16 February 2016

Was this the weekend when Arsenal won the Prem?

Whoa. Could the madness have reached any more of a fever pitch? A wild, wooly weekend has made the run-in one for the ages. Even if the eventual champions finish on fewer points than usual, this past weekend's results suggest that the top four have in fact created some distance between themselves and the rest of the pack, setting up a madcap dash that could very well come down to the last day of the season. In a week in which the top four all squared off against others in the top four, one seeking more drama and scandal would have to find a telenovela. Just six points separate all four, with a another six separating fifth. Hold on to your hats, ladies and gentlemen; the rundown is about to begin...

Leicester City
● Position: 1st
● Record: 15W, 8D, 3L
● Points: 53 (67.8%)
● Total at this rate: 77.5
● Form: WDWWWL
● Last match: Arsenal 2-1 Leicester
Leicester came in to the Emirates having won three on the bounced and looked likely to make it four after Vardy earned and buried a penalty just before halftime. The hosts looked flummoxed, struggling to break down the Foxes' stubborn defense. Vardy's penalty brought together two of Leicester's most-lethal weapons—the counter-attack and the penalty—but one has to wonder whether such tactics can last. Vardy has now earned more penalties than any other team, but that tactic is, well, tacky. Witness Mahrez's dive in the second half. If referees start to look th other way, as Atkinson did, Leicester may flounder just a bit. Leicester may have hit a high-water mark last week win that win at the Etihad—but that might come to be a Waterloo of sorts. They're still the presumptive favorites. How well they deal with the pressure will go a long way towards determining where they finish. They'll have almost two weeks to rest and contemplate their future—something that none of their rivals can enjoy.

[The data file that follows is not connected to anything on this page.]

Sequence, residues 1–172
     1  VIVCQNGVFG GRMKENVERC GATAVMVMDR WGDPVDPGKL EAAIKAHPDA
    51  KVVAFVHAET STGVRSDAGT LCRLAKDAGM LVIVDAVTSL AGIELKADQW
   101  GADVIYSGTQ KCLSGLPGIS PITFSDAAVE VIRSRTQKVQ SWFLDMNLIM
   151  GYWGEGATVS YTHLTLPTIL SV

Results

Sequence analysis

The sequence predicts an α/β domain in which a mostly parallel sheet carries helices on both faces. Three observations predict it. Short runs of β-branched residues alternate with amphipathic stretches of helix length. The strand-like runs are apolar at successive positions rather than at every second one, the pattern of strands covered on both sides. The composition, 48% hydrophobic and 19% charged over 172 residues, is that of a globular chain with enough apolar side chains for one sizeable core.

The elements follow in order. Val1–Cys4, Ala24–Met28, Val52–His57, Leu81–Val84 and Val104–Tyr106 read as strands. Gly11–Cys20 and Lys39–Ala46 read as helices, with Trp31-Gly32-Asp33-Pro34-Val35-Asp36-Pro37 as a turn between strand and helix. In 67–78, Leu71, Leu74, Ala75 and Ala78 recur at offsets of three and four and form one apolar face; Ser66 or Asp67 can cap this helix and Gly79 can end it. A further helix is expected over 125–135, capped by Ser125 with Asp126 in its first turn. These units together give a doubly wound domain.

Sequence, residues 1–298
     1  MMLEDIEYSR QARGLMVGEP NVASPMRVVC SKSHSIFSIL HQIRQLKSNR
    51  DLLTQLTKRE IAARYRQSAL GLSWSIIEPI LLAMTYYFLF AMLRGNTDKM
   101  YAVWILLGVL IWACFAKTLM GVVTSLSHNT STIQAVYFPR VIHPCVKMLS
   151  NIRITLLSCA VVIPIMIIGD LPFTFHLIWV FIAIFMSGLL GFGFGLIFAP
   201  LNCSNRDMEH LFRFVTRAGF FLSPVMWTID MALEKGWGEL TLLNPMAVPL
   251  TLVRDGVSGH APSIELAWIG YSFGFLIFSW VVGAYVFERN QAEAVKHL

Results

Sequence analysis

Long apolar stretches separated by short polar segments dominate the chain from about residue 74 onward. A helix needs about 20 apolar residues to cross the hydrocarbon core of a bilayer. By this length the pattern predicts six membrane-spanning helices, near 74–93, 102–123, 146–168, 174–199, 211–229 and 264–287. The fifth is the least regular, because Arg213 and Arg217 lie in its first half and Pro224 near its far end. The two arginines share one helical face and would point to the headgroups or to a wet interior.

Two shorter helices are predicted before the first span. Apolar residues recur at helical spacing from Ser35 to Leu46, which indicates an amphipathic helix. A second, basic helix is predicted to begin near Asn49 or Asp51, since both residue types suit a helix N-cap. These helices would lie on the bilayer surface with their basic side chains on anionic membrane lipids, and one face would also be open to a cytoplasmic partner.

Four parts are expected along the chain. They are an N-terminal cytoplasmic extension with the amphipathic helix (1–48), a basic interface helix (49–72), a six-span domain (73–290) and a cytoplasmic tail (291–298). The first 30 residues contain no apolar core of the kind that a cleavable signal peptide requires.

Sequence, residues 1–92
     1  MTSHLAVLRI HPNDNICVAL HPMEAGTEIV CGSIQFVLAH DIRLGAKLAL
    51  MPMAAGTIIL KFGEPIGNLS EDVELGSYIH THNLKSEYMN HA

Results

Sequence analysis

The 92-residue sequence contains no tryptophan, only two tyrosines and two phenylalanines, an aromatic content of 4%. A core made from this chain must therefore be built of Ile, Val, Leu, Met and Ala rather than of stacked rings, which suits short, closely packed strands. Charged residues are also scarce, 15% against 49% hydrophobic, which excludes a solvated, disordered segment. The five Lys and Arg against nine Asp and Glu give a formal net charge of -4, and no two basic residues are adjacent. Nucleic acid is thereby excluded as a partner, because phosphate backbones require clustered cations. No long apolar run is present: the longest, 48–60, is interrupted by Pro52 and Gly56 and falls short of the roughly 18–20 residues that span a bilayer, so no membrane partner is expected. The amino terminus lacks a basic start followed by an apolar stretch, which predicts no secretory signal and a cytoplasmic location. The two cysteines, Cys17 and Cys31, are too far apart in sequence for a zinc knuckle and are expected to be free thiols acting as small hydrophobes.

● Significant injuries (return date): Schlupp (1 March), James (no return date).
● Next match: 27 February vs. Norwich.

● Position: 2nd
● Record: 14W, 9D, 3L
● Points: 51 (65.4%)
● Total points at this rate: 74.5
● Form: LWWWWW
● Last match: Man City 1-2 Tottenham
Tottenham continue to impress, having now won five on the bounce, although their latest might lost just a bit of its lustre having come against the mediocre Mancs (City, for those wondering which Mancs are the more-mediocre at the moment). Even if the manner of their win is a bit controversial —the penalty against Sterling was harsh—Tottenham's tactics are proving more and more title-worthy. Their goal difference (+27) could very well come in handy given how tight things stand at the moment, and the only real question about the legitimacy of their credentials comes down to their priorities. Can they sustain this level of competition in the Prem and fight more deeply in the Europa League and FA Cup? Theirs has been a season of slow and steady building which seems to have finally hit its stride at the penultimate moment. Leicester have been mercurial; Arsenal and Man City have been up, then down. To turn an old saw on its head, will slow and steady win the race?
● Significant injuries (return date): Vertonghen (no return date), N'Jie (5 March).
● Next match: Thursday at Fiorentina (Europa), Sunday vs. Crystal Palace (FA Cup).

● Position: 3rd
● Record: 15W, 6D, 5L
● Points: 51 (65.4%)
● Total points at this rate: 74.5